There's still no opening date for Tiffins, the still-under construction restaurant coming to Disney's Animal Kingdom later this year. However, it looks like Disney is now making preparations for guests to make their first reservations for this restaurant, as as an official "coming soon" page has been put online (which you can check out here). While it will probably still be a few months before this table service dining location opens, it's likely that reservations both for regular service as well as the rumored Rivers of Light dining packages will be available well before this establishment opens its doors.
However, if you are thinking about making reservations for this restaurant (when they become available), there are some things you should definitely be aware of first.
1. No dining plans accepted?
One of the most common ways that Walt Disney World guests experience table service dining at the theme parks is with a Disney Dining Plan. Though each individual guest should decide for themselves whether a dining plan would save or lose them money, the fact remains that this option is still quite popular with guests, despite some of its drawbacks.
However, according to the aforementioned “coming soon” page that is currently up on the Walt Disney World website, this new restaurant, at least when it opens, will not accept the Disney Dining Plan. This is in sharp contrast to other table service dining restaurants around Walt Disney World's theme parks, including Be Our Guest at the Magic Kingdom, Epcot’s Le Cellier, and The Hollywood Brown Derby at Disney’s Hollywood Studios
Though Disney has not confirmed this development outside of the current "coming soon" page, if this restaurant will indeed not participate in the Disney Dining Plan, it would be a radical departure from what we’ve come to expect from the majority of in-park dining establishments, and could affect this restaurant’s early popularity.
2. An adventurous menu
Disney’s Animal Kingdom has earned a reputation over the years for its amazing food choices. From the flavorful street food found at the Harambe Marketplace to the smoky and satisfying choices at Flame Tree Barbeque, this park has always offered dishes that appeal to those who crave something a little more adventurous than your normal theme park fare.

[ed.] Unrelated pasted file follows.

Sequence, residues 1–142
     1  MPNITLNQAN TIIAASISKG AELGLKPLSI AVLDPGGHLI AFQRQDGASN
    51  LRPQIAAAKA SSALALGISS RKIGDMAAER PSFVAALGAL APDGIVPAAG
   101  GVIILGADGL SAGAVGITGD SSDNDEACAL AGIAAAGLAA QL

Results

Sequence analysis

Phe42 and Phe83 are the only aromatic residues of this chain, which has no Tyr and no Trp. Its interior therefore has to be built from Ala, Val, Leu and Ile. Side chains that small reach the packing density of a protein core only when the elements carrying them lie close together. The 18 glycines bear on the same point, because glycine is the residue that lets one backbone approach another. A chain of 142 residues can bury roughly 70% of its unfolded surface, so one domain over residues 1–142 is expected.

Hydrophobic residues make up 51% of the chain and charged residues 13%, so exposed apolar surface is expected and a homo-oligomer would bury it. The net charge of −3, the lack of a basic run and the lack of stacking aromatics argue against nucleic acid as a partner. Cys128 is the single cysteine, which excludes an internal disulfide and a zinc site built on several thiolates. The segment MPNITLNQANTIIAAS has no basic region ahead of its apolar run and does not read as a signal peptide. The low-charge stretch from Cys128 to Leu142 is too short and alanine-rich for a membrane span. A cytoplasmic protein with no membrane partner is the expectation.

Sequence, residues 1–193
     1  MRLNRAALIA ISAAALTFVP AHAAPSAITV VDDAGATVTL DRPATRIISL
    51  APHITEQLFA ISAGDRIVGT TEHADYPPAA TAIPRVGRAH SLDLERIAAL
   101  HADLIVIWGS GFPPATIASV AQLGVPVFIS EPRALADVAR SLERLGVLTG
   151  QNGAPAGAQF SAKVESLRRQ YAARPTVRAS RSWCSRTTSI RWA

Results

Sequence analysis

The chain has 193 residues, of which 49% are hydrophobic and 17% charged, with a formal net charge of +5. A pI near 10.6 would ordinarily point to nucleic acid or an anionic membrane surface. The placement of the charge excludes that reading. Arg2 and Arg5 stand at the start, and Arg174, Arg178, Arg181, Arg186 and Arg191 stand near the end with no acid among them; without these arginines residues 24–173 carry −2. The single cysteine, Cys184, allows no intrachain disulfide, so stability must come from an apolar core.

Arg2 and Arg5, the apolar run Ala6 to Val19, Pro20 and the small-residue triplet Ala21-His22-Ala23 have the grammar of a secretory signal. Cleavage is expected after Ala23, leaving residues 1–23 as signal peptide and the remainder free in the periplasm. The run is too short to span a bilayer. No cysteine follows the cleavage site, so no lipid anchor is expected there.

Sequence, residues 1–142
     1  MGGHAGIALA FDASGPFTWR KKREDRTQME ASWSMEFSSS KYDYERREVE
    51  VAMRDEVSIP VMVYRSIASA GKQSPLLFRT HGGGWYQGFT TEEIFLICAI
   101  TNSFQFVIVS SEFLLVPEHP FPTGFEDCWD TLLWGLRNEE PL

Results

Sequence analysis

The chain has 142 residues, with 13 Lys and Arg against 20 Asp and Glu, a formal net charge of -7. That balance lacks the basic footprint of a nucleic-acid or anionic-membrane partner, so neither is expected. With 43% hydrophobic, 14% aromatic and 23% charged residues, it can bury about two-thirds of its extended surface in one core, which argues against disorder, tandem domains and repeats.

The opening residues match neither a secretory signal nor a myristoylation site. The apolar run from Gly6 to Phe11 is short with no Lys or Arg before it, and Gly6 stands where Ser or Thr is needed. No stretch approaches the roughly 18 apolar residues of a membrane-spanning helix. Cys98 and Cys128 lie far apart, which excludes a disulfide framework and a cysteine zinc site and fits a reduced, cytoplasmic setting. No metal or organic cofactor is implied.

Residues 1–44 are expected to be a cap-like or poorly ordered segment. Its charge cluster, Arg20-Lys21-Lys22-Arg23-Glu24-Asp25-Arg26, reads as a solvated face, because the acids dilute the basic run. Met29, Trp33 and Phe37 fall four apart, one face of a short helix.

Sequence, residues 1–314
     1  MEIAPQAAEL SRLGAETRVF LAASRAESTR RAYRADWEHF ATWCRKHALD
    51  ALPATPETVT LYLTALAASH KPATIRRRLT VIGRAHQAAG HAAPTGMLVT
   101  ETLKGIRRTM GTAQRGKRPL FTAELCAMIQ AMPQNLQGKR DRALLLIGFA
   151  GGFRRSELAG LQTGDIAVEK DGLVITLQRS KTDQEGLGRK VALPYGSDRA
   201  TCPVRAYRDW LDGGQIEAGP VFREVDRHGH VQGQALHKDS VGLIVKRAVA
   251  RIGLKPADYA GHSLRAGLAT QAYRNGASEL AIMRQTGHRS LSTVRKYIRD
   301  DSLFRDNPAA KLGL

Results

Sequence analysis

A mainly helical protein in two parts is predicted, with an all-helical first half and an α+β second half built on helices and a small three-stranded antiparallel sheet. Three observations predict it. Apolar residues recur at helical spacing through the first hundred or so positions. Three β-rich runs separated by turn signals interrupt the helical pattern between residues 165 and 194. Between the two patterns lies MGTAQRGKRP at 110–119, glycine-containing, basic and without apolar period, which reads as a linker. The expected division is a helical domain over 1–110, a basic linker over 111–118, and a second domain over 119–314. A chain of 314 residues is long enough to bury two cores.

Tiffins will expand on this idea by offering some truly unique choices that guests simply won’t find anywhere else. Though the full menu has yet to be published, we now know that dishes like lobster-popcorn Thai curry soup, grilled octopus, frog legs tempura, black-eyed pea fritters, and chicken liver pate will all be available for guests to nosh on when Tiffins opens.
While other, more “standard” offerings like Berber-spiced lamb chops, pork tenderloin and salad drizzled with champagne vinaigrette were also mentioned on the website, it looks like on the whole this dining establishment's menu will be a reflection of the park in which it resides and will dare hungry guests to dine on the wild side, which could be both a good and bad thing.
On the one hand, guests who go to Walt Disney World looking to try something interesting and new have generally had to wait for the annual Food & Wine festival every year. With Tiffins, they will find one-of-a-kind menu items year-round, which will certainly draw so-called “foodie” fans to Tiffins immediately as they seek out the most interesting and flavorful dishes on property.
However, the flip side to this is that such an ambitious menu might alienate those looking for more innocuous fare. It’s no secret that over at the Magic Kingdom the Jungle Cruise-themed Skipper Canteen has failed to attract substantial crowds during mealtimes, and often serves guests in half-empty dining rooms. Though some of this could be due to the strange reservation system employed at this restaurant, many have blamed the menu, which features dishes that you might not expect to see at the Magic Kingdom like Shu Mai, falafel, and rice noodles with pho broth.
While the cuisine selections at Disney’s Animal Kingdom are a little bit more varied overall than what you might find at the Magic Kingdom, Tiffins selection could scare away less adventurous diners which might limit its prospects as a major dining location in this park, and could potentially shift hungry guest load back over to the already overcrowded Tusker House, which features more moderate fare